Two-Party Voting Bloc Works For Aussie’s Right So Why Not Also For NZ’s Left

Russel Norman and David-Shearer - Image:

Russel Norman and David-Shearer - Image:
Russel Norman and David-Shearer – Image:
A two-party voting-bloc has been a winning-formula for Australia’s Liberal/Nationals right parties in Federal General Elections (and looks likely to do so again) – So can it work for New Zealand’s centre-left? The latest Roy Morgan Poll suggests yes it can.

This week Gary Morgan of the Aussie-based Roy Morgan polling outfit said the latest poll result suggests: “… a clear boost to Opposition Leader David Shearer and comes as National faces a number of challenges that appear to have dented its support — the axing of 140 jobs by the Department of Conservation, the ongoing Novopay Payroll Issues, the bungled handling of the Kim Dotcom ‘affair’ and serious breaches of privacy by both the Ministry of Education and the Earthquake Commission.”

Polls are polarising and it’s debatable as to whether they are a true test of what the nation’s voters are truly thinking. But what is important are the trends.

The current New Zealand political trend is what concerns the right’s Matthew Hooton, David Farrar and others who can see that under MMP National’s hold on power is deminishing.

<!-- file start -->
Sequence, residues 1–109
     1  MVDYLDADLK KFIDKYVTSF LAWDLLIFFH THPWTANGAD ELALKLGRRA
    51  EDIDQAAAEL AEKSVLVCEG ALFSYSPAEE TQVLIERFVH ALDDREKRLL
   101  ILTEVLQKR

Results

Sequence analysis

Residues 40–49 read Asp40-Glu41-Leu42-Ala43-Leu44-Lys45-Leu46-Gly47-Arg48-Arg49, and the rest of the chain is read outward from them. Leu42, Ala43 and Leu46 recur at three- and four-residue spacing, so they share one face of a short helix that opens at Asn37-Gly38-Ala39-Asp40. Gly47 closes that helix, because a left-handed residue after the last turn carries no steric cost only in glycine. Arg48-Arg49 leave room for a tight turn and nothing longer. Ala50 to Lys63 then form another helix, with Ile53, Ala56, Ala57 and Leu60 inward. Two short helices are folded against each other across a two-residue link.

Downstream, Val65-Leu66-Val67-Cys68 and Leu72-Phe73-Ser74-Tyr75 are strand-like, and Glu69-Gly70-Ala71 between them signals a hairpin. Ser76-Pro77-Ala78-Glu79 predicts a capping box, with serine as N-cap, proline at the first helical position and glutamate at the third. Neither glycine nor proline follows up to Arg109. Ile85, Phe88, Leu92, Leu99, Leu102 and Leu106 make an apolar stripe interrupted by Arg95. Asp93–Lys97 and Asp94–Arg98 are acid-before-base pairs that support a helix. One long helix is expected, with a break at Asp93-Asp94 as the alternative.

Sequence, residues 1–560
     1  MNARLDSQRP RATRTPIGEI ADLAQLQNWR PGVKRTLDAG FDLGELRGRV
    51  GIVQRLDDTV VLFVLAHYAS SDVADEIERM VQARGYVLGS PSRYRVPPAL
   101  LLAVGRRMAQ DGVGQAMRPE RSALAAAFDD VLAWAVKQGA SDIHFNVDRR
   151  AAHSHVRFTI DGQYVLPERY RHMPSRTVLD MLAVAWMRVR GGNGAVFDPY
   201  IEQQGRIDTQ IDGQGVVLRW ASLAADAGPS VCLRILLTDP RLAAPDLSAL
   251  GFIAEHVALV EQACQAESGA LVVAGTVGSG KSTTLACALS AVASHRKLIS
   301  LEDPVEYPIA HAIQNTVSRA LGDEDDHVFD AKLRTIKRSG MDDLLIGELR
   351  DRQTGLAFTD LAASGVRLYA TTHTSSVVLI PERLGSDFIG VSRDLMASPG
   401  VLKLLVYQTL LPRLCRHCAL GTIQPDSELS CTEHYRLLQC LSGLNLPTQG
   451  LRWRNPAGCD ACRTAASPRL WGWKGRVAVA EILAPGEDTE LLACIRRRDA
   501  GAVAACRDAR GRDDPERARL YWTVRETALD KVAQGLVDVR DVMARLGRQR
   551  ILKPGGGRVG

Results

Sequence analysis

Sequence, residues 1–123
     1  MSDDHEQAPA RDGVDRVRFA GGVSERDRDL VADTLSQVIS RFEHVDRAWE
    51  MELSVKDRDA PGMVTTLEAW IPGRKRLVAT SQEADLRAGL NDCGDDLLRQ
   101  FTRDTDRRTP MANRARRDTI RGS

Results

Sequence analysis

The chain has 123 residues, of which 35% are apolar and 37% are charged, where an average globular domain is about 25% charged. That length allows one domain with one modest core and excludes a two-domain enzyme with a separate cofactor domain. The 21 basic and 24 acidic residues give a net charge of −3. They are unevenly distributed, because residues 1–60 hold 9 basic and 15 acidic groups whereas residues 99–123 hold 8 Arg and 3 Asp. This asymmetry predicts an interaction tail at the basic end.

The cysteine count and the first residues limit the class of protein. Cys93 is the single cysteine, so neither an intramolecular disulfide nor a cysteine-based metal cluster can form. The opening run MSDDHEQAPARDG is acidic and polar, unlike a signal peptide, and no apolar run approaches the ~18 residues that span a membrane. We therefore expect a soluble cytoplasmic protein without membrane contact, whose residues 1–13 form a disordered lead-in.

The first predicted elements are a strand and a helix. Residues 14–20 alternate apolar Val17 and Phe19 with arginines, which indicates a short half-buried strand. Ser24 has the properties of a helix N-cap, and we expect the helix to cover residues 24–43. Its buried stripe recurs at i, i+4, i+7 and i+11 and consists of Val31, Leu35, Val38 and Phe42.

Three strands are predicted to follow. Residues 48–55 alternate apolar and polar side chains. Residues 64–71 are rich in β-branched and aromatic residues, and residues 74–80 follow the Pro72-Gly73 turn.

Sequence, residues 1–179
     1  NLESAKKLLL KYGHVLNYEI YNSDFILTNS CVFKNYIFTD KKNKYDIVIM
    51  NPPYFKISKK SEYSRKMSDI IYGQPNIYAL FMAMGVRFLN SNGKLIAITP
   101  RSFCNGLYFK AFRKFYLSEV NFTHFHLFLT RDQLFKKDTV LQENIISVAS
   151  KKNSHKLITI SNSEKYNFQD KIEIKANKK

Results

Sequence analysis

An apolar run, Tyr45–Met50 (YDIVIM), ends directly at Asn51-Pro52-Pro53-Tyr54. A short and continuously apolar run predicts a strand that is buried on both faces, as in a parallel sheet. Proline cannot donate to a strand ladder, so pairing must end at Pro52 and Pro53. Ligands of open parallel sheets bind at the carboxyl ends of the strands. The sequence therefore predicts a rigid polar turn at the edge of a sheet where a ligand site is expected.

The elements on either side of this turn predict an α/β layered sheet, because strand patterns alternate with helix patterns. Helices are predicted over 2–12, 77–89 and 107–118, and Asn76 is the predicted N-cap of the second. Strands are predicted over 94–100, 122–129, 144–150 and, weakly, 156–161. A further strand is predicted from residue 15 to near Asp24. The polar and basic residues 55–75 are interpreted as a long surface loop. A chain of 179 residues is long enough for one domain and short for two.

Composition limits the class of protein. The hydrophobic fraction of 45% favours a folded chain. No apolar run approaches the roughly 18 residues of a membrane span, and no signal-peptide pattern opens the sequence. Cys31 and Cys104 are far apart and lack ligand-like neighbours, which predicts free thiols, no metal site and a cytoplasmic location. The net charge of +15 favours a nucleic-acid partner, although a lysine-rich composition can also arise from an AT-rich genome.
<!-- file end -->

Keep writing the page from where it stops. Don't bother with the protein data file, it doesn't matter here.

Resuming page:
For the record this week’s Roy Morgan Poll shows, “a substantial fall in support” for Prime Minister John Key’s National Party to 40.5% (down 3.5% since March 11-24, 2013). Support for Key’s Coalition partners shows the Maori Party 2% (down 0.5%), ACT NZ 0.5% (unchanged) and United Future 0.5% (down 0.5%).

Here is the trend-graph that provides a feel for where things are heading.

Roy Morgan Poll - April 18 2013.
Roy Morgan Poll – April 18 2013 (click for big image).

In my view, National is suffering from a huge dent to its credibility armour, most recently and significantly due to the Prime Minister John Key’s ridiculous and unsustainable handling of the GCSB illegalities and his reticence to accept responsibility for the very agency he is paid to be responsible for. Right/conservative pundits take note: This is not just a beltway issue nor a media beat-up, and you know it.

The pollsters summarise the findings as: “If a National Election were held today this New Zealand Roy Morgan Poll shows that the Labour Party with minor party support would win an Election if held now.”

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But centre-left supporters shouldn’t get too excited yet as the pollsters do not take into account the role New Zealand First would play should it achieve an above-the-threshold result in the 2014 General Election. Nor do these polls show any potential increase in support for the Conservative Party, especially should National’s decline become rapid.

For the Labour-Green voting bloc to establish itself as the Cabinet-In-Waiting it will need to achieve and sustain a solid voter-support-base of say 53 percent with Labour on par with (or above) National. On current trends that is possible.